As some of you know, this is my first year as principal of a great little school in central Arizona. We prefer to think of our school as an oasis in the desert. It is a place where children grow closer to God while being challenged educationally. As a staff, we love our little school — we love our students, the community, and the opportunity we have to make a difference. When our teachers gather for our morning devotional time, they pray for each child and discuss how they can minister to the emotional, spiritual, and educational needs of each. It’s a pretty special place and I think each of us realizes it’s a true blessing to be involved.
“But what does this have to do with Veterans?” you say. Well, here it is. This year we decided to reach out to the Veterans in our community. We wanted them to know we were thankful for them. We wanted our middle schoolers to be involved with them, to interact with them. We wanted to serve them; to show gratitude for their service for us. After all, they fought to preserve the freedoms we enjoy, one of them being educational choice.
And so the preparations began. The music teacher began putting together a program of WW II songs — Praise the Lord and Pass the Ammunition, and patriotic songs — This is My Country, God Bless America. The computer teacher helped each student to design a note of thanks. Emails went out and soon parents and staff were volunteering to cook.
Our All-American menu was decided and the students were invited to make up ‘military’ names for the food. Thursday, Nov. 7th came and all was readied. The cafeteria was decorated in red, white, and blue. Menus placed on the tables read:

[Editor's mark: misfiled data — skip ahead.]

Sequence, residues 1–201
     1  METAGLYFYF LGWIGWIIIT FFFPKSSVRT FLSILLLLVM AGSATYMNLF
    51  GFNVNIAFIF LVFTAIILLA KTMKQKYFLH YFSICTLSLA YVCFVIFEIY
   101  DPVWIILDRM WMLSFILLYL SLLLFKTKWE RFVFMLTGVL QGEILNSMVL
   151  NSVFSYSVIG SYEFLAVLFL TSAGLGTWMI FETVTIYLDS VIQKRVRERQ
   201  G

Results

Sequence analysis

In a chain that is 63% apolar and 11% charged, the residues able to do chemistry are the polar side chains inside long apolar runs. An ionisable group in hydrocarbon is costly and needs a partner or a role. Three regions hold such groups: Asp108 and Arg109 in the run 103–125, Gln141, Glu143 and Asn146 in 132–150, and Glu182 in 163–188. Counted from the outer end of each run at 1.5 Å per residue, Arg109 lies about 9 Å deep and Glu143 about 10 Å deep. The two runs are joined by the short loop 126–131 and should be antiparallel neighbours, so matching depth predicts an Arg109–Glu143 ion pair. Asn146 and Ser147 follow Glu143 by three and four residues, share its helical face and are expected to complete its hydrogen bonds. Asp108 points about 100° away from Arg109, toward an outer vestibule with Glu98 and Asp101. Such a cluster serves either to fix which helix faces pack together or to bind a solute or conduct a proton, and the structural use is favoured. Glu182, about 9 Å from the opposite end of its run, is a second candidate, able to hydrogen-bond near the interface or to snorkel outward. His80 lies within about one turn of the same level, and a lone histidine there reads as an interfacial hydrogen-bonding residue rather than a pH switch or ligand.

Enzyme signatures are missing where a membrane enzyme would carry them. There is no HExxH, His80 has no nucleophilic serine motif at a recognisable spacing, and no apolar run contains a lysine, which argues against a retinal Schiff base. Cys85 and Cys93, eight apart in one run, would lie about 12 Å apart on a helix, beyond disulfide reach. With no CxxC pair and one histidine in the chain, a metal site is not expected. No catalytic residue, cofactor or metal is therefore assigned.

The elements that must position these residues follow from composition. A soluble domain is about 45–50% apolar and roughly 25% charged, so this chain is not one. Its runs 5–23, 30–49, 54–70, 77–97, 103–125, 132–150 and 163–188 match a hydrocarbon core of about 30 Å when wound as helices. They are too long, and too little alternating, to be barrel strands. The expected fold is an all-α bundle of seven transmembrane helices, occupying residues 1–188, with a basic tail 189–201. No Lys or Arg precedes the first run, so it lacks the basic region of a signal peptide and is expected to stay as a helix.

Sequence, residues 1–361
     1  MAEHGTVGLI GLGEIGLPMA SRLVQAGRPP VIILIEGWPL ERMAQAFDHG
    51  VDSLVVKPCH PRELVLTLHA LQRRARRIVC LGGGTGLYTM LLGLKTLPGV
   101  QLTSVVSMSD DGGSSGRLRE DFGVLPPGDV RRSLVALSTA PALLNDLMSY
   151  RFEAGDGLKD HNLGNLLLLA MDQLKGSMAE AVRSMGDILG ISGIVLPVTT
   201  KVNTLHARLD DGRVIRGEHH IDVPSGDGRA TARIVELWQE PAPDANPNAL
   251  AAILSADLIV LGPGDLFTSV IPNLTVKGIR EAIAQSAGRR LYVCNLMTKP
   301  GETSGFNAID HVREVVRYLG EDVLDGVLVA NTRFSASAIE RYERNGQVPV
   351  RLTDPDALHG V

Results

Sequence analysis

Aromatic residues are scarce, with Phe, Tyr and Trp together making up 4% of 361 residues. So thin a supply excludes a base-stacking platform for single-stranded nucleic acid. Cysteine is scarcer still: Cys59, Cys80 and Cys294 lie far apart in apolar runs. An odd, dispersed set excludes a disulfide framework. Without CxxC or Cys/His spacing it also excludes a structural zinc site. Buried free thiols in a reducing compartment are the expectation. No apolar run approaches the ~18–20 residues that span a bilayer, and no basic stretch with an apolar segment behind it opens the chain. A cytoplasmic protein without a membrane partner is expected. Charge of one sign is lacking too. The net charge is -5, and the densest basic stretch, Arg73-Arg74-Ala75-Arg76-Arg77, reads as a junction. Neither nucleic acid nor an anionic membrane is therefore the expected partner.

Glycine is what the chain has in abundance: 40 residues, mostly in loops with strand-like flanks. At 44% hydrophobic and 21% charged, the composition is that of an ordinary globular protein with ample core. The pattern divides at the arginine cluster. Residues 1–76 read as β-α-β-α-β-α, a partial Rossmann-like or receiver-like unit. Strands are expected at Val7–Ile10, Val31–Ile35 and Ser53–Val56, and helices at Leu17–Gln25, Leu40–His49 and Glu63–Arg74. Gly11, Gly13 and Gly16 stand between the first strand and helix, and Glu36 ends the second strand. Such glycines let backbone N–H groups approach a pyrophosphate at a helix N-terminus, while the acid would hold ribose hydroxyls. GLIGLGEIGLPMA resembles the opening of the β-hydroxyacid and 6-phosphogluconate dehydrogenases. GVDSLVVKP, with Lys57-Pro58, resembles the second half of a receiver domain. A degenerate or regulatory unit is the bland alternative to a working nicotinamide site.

Rucksack Roast Beef
Green Beret Beans
Military Mashed Potatoes
Tuck and Rolls
Apple Bombed Pie
Veterans began arriving. We had planned for 50 for our inaugural dinner, thinking we would start small and grow with each year. Sure enough, we filled our quota quickly. The piano played, the welcome was given, the students marched in and began to sing. Several Veterans wiped tears from their eyes as they listened. Others sang along. The children seemed to grow in their role as the performance continued. The fifth and sixth graders continued to sing and recite patriotic poems as the seventh and eighth graders served dinner.
The old and the young mingled. Veterans were represented from all four branches. The longest serving was recognized. The oldest was recognized. The men’s faces shown. The students chatted with them. Again and again gratefulness was expressed for the sacrifice each man had made.
The evening ended with the rememberance that Jesus Christ made the ultimate sacrifice when He died for our sins. He died to set us free from the bondage of sin — the ultimate sacrifice by the Ultimate Soldier.
No one rushed off. No one wanted to leave. I think one of the best parts of the night for me, was when I saw a fifth grader go over to a table and refer to one of the thank you notes laying on the table.
Student – “So did you like my note? I made that for you.”
Veteran – ” Yes, this was a great night. Thank you so much for all of this.”
Student – “No. Thank YOU.”